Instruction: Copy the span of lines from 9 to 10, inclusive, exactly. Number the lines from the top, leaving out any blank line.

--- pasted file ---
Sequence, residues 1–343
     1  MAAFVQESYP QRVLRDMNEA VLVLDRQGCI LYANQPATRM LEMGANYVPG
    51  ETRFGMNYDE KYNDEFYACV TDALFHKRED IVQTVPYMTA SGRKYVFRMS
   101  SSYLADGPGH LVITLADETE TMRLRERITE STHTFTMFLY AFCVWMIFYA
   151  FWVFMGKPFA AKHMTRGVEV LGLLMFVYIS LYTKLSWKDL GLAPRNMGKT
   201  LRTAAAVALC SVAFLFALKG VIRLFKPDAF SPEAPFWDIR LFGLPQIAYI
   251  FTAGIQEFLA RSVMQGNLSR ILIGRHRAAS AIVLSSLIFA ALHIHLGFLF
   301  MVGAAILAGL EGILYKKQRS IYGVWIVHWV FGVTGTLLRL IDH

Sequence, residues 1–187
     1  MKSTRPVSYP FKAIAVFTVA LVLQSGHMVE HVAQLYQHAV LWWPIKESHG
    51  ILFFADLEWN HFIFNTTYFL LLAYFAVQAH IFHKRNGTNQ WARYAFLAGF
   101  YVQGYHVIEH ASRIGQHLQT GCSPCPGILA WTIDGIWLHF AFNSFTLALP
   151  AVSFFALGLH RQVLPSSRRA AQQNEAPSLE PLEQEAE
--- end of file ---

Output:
Sequence, residues 1–187
     1  MKSTRPVSYP FKAIAVFTVA LVLQSGHMVE HVAQLYQHAV LWWPIKESHG